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It is called Whoreman's Permacety, Shepherd's Scrip, Shepherd's Pounce, Toywort, Pickpurse, and Casewort.

Description. The root is small, white, and perishes every year. The leaves are small and long, of a pale green colour, and deeply cut in on both sides, among which spring up a stalk which is small and round, containing small leaves upon it even to the top. The flowers are white and very small; after which come the little cases which hold the seed, which are flat, almost in the form of a heart.

Place. They are frequent in this county, almost by every pathside.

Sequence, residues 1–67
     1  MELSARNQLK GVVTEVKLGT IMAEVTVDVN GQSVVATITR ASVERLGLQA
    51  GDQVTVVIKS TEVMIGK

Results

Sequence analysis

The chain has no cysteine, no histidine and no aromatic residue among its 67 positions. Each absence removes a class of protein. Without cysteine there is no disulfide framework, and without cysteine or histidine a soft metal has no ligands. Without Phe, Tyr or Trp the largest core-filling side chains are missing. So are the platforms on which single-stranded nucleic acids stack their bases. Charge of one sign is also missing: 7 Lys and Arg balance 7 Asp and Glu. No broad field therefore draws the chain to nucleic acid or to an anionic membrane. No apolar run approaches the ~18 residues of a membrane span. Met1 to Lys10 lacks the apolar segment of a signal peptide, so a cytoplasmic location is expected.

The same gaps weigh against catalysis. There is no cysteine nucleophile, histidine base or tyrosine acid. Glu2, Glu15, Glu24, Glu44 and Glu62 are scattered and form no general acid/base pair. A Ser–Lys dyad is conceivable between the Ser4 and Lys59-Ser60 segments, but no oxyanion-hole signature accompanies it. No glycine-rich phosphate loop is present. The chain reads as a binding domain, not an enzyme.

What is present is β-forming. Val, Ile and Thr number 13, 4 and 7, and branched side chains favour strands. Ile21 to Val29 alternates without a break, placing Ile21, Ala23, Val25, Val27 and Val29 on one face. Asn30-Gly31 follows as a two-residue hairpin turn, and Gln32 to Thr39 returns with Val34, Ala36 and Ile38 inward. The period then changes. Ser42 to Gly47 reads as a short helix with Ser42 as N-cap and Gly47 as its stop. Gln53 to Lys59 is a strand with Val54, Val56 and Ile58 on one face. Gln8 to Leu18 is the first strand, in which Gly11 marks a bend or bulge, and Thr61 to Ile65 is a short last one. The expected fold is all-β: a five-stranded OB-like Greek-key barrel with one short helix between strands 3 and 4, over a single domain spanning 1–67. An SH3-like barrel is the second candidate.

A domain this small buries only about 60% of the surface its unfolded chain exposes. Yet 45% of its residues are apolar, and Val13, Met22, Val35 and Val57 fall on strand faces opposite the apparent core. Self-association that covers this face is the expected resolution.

Time. They flower all the summer long; nay some of them are so fruitful, that they flower twice a year.

Government and virtues. It is under the dominion of Saturn, and of a cold, dry, and binding nature, like to him. It helps all fluxes of blood, either caused by inward or outward wounds; as also flux of the belly, and bloody flux, spitting blood, and bloody urine, stops the terms in women; being bound to the wrists of the hands, and the soles of the feet, it helps the yellow jaundice. The herb being made into a poultice, helps inflammations and St. Anthony's fire. The juice being dropped into the ears, heals the pains, noise, and mutterings thereof. A good ointment may be made of it for all wounds, especially wounds in the head.

This plant is a remarkable instance of the truth of an observation which there is too frequently room to make, namely, that Providence has made the most useful things most common, and for that reason we neglect them: few plants possess greater virtues than this, and yet it is utterly disregarded.

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